Full disclosure: I'm fairly new to all this hardware-stuff

I have old bluetooth speakers that I wanted to be run from a normal 5V USB-Powerbank. Which worked perfectly but the music was pretty quite.

So I installed a Boost Converter Link to step up the voltage to 9 Volt (Standart power supply voltage)

Here a picture:
enter image description here
I simply replaced the battery input with a USB input

As soon as I connect the Powerbank it shuts itself off.
When connecting the Boost Converter to the Powerbank via a USB to TTL Converter it works just fine. So what is the difference? I only have ground and 5V hooked up.

I think I maybe need a capacitor, but I have no clue what kind of capacitor and what other specs to pay attention to.
I went for the cheapest Boost Converter I could find straight from China. Should I maybe invest a bit more?

Thanks in advance

  • 1
    \$\begingroup\$ Show a schematic/overview if what you are trying to connect and achive. What is the input requirements of your speaker? \$\endgroup\$
    – winny
    Aug 3, 2017 at 12:15
  • \$\begingroup\$ I added a picture and clarified what i'm doing. The input is 9V and 1 Amp at max volume. My Powerbank can provide up to 2 Amp at 5 V \$\endgroup\$ Aug 3, 2017 at 12:23
  • \$\begingroup\$ How does the boost converter request more than 100 mA from the USB? You need to "open the gate". Google USB power negotiation. \$\endgroup\$
    – winny
    Aug 3, 2017 at 18:37
  • \$\begingroup\$ The USB power is provided by a power bank and not by a computer. I have no clue about the details but it seems to work. Adding a resistor resolved my problem. Have a look at the accepted answer \$\endgroup\$ Aug 3, 2017 at 18:46
  • \$\begingroup\$ Yes, the resistor was probably needed anyway. But if the power bank follows specification, it will only deliver 100 mA unless you "comunicate" with it. Play some Enya or dubstep at full blast and report back how much current you where able to take out. \$\endgroup\$
    – winny
    Aug 3, 2017 at 19:41

2 Answers 2


When you first run the boost converter, it may draw a huge current (Can go up to 10 times the nominal input current) for a short time (say, a few micro- or even milli-seconds) due to the "empty" input capacitor(s) (That is because an empty capacitor acts as short circuit. As it charges up, its resistance increases). That high current which flows until the input capacitor charges up is called "inrush current".

So, perhaps, the built-in (if any) overcurrent protection shuts down the power bank. Slowing down the start-up action of the boost converter may solve the issue:


simulate this circuit – Schematic created using CircuitLab

NTC has a high resistance at room temperatures. When you apply the supply voltage, powerbank's output sees high resistance so a small current flows. As the current flows, NTC's resistance decreases (because its temperature rises) so the current increases. That current keeps increasing until the NTC reaches its minimum value. This characteristic of NTC helps reducing the inrush current.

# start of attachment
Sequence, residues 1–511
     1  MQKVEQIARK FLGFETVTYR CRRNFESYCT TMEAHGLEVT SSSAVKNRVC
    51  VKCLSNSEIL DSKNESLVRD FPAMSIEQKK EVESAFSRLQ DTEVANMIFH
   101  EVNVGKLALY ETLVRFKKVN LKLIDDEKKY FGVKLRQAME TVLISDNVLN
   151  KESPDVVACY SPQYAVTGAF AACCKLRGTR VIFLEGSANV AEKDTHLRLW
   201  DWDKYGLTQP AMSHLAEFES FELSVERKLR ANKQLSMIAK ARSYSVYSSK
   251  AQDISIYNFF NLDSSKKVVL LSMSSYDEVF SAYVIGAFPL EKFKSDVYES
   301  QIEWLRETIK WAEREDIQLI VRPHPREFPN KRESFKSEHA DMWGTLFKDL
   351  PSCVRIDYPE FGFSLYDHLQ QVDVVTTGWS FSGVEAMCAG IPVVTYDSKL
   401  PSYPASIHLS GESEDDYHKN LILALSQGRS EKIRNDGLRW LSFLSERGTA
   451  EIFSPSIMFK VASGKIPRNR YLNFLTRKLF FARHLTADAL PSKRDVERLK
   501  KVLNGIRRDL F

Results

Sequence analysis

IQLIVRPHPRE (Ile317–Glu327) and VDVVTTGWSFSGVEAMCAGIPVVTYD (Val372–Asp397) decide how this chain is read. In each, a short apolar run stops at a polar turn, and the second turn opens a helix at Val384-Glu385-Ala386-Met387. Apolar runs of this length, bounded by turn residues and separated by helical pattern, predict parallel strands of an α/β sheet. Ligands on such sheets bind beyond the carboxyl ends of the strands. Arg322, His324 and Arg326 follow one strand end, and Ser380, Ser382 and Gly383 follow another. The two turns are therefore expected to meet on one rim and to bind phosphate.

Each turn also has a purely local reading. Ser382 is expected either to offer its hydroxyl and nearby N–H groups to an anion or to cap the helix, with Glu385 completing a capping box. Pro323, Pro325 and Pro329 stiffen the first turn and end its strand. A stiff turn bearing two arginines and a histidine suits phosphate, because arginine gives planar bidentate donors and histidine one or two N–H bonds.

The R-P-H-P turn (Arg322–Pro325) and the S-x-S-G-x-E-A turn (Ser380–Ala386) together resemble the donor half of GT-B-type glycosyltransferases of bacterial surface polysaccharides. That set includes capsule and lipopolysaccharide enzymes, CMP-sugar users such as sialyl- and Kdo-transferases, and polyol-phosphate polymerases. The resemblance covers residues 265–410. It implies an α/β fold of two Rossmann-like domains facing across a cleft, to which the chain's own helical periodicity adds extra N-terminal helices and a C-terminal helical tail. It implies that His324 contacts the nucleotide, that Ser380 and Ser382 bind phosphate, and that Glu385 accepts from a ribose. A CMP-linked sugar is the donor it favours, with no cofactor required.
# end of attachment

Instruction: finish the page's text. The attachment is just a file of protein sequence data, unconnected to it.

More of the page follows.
So, how to select the NTC?

Since your equipment draws 1A @ 9VDC input at max volume, your 5V-to-9V boost converter will draw nearly 2 Amps. So you should select an NTC with a current rating of min. 3A.

  • \$\begingroup\$ Thank you for the answer. I don't have a NTC but I added a normal resistor (actually just a very long wire). Now it works as intended. \$\endgroup\$ Aug 3, 2017 at 16:21
  • \$\begingroup\$ @PeterLudolf Glad to hear that! \$\endgroup\$ Aug 3, 2017 at 17:19

If you know how much current your bluetooth speaker is using at max volume and how efficient your converter is you can add a limiting resistor in series with it.

Let's say your bluetooth speaker needs 500mA@9V at max volume and your boost converter works at 90% power efficiency(probably more if it's a switching one) but lets just assume that cause it's a cheap module.

0,5A*9V = 4,5W. Those 4,5W are 90% of the energy your power bank has to supply. So we calculate the 100%: (4,5/9)*10=5W, 5W = 1A * 5V. Your powerbank is probably just a 1A rated one anyways, but if the boost converter doesnt have a limitation build in and for example charges a cap from your 5V it can easily exceed 1A. Adding a 5 Ohm Resistor should limit your 5V output to exactly 1A, but as 5 Ohm resistors aren't common you can use a bigger one (10 Ohms) and instead add a big capacitor(+100µ) on the converters output.

  • \$\begingroup\$ The max current of the speakers is 1 Amp at 9 Volt. My Powerbank can provide up to 2 Amp. But the Powerbank shuts itself off as soon as I connect it and not a max volume. When I'm using a USB to TTL Converter to connect the power bank to the converter it works fine. \$\endgroup\$ Aug 3, 2017 at 12:30
  • \$\begingroup\$ So your bluetooth speaker used 6 AA/AAA Batteries? Or how did you supply 9V before? What kind of battery was inside? \$\endgroup\$ Aug 3, 2017 at 12:35
  • \$\begingroup\$ It uses 4 AA batteries. But the power supply runs on 9 V. \$\endgroup\$ Aug 3, 2017 at 12:38
  • \$\begingroup\$ And you are sure that applying 9V to the battery terminal works as intended despite the fact its 50% more voltage than what the batteries supplied? It's possible that even tho the power supply provided 9V it got divided down to 6V or so. \$\endgroup\$ Aug 3, 2017 at 12:40
  • \$\begingroup\$ Yes I am sure that it works, but I am not sure if it might be harmful to the speakers. When using a USB to TTL Converter it works with 9V. \$\endgroup\$ Aug 3, 2017 at 12:48

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